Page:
The book of John and the first three (synoptic) gospels may have some differences among them, but few seem contradictory. In his exhaustive book, “The Historical Reliability of the Gospels“, Craig Blomberg notes that perhaps the most puzzling difference is in Mark 15:25 and John 19:14 regarding the hour of Jesus’ crucifixion. Mark said that Jesus was crucified at ‘the third hour’ or in some translations, nine in the morning; whereas John said that Jesus was crucified at ‘the sixth hour’ or noon, according to translation.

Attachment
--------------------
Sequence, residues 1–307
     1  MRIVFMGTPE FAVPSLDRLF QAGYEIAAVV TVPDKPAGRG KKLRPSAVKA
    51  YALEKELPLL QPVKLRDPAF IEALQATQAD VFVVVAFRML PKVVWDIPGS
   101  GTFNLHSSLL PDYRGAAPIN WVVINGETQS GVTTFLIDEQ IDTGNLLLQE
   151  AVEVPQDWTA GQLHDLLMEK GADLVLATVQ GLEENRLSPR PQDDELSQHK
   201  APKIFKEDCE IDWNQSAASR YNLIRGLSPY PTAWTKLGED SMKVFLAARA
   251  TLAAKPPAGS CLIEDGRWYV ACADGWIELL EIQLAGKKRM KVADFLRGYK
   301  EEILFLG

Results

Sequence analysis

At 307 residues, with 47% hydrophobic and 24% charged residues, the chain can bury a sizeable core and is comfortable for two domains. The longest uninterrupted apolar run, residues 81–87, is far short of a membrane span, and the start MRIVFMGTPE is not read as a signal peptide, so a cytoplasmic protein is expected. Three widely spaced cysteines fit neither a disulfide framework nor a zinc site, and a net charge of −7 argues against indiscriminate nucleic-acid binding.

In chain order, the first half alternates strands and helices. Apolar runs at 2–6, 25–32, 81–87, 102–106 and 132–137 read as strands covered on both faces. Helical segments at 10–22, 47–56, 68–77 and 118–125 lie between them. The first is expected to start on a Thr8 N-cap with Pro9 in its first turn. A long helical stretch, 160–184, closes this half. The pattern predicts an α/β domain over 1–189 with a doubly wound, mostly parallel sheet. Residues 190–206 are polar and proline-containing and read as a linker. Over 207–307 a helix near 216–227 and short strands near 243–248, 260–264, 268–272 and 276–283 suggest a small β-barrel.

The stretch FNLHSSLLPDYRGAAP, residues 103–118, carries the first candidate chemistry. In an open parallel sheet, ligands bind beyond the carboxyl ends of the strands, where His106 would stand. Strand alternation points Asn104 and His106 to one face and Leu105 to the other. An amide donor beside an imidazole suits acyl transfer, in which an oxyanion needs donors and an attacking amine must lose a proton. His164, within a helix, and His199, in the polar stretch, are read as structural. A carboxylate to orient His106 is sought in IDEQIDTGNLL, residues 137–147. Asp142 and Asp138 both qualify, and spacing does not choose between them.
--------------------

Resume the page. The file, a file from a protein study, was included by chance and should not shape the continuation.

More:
Blomberg writes that it is plausible that Mark was using a common reference for that era, which split the time of day into quarters, so to say ‘the third hour’ could mean anytime between nine and noon. John’s use of ‘the sixth hour’ would have been a more precise measurement of time since the day began at 6 a.m. So the sixth hour would have meant about noon as well.
For Mark to talk in approximate hours makes sense, considering the world did not revolve as much around precise timekeeping then; and still today, Western missionaries have to exercise a lot of patience and flexibility in some countries. Agreeing to meet at a certain time of day could mean waiting for hours.